A new study has found that the icy mountains of Antarctica may contain diamonds. The findings of the study are published in the journal Nature Communications.
Australian scientists have uncovered kimberlite rock that is known to have the precious diamonds. They found three samples of kimberlite around Mount Meredith, in the Prince Charles Mountains in East Antarctica. The rock is named after the South African town of Kimberley, which is famous for its diamonds.
Although no diamonds were found at the site, researchers are confident that the precious gems exist in the deposits. "It would be very surprising if there weren't diamonds in these kimberlites," lead researcher Greg Yaxley, of the Australian National University in Canberra, told Reuters.
However, recovering the deposits is not possible as mining is banned in Antarctica. According to the Protocol on Environmental Protection to the Antarctic Treaty (1991), the continent could be explored for scientific purposes but mining is banned for at least 50 years until 2041 when the treaty is up for review and might be subjected to change, reported BBC.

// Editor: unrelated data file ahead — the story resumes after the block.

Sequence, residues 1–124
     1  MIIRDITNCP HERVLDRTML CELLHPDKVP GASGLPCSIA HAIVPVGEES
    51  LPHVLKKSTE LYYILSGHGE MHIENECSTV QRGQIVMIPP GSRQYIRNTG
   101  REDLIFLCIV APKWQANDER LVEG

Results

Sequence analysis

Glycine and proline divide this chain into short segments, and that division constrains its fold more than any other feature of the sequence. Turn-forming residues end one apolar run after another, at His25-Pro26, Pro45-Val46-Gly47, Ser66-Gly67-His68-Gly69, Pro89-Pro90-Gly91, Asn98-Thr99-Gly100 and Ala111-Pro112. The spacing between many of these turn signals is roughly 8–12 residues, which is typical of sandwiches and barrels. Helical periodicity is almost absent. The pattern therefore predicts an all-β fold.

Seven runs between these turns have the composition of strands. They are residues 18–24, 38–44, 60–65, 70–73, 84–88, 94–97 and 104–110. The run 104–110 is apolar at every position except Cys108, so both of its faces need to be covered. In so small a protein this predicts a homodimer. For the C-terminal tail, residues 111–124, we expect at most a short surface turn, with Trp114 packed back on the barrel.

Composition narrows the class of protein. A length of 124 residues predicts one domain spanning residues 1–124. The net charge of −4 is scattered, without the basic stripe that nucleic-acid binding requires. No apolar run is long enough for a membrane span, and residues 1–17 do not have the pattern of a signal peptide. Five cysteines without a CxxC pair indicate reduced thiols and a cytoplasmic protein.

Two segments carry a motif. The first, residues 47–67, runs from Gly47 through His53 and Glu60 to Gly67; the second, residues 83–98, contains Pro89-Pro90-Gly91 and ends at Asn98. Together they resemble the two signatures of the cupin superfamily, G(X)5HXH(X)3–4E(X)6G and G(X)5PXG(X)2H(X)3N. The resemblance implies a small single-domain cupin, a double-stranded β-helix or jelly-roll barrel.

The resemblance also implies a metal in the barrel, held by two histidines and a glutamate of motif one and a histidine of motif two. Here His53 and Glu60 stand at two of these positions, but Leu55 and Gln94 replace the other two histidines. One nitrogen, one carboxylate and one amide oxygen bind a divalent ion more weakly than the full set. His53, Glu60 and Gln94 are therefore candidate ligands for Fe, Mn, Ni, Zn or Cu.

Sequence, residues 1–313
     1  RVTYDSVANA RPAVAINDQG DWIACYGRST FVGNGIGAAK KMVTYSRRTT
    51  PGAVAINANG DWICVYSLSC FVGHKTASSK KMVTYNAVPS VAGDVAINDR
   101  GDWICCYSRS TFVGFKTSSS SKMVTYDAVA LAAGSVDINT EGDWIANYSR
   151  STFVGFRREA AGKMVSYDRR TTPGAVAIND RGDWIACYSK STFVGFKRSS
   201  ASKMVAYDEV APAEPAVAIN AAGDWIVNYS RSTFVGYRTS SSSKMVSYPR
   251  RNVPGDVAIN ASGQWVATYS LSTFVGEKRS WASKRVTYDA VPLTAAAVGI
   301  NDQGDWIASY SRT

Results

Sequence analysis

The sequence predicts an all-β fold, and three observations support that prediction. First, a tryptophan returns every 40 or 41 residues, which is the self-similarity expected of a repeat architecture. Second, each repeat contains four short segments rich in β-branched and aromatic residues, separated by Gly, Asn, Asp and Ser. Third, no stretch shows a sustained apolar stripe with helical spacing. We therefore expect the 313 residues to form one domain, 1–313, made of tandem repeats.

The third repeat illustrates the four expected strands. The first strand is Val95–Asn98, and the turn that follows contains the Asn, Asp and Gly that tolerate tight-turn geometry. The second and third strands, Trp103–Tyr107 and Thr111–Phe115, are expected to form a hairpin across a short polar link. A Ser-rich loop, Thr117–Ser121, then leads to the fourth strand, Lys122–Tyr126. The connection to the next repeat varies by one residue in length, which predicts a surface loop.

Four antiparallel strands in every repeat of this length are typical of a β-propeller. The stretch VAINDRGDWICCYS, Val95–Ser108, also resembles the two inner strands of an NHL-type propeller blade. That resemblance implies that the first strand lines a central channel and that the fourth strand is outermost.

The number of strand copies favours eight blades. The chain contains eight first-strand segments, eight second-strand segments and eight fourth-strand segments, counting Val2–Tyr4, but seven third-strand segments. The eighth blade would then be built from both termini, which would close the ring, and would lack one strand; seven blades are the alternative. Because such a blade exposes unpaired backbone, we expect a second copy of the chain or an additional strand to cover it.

"We do not know what the Treaty Parties' views will be on mining after 2041 or what technologies might exist that could make extraction of Antarctic minerals economically viable," Dr Kevin Hughes, from the Scientific Committee on Antarctic Research, was quoted as saying by BBC.
"An additional issue is that nations outside the Protocol are not bound by its provisions, including the ban on mineral resource activities," he said.
The Antarctic Treaty has 50 signatory nations, including major powers the United States and China.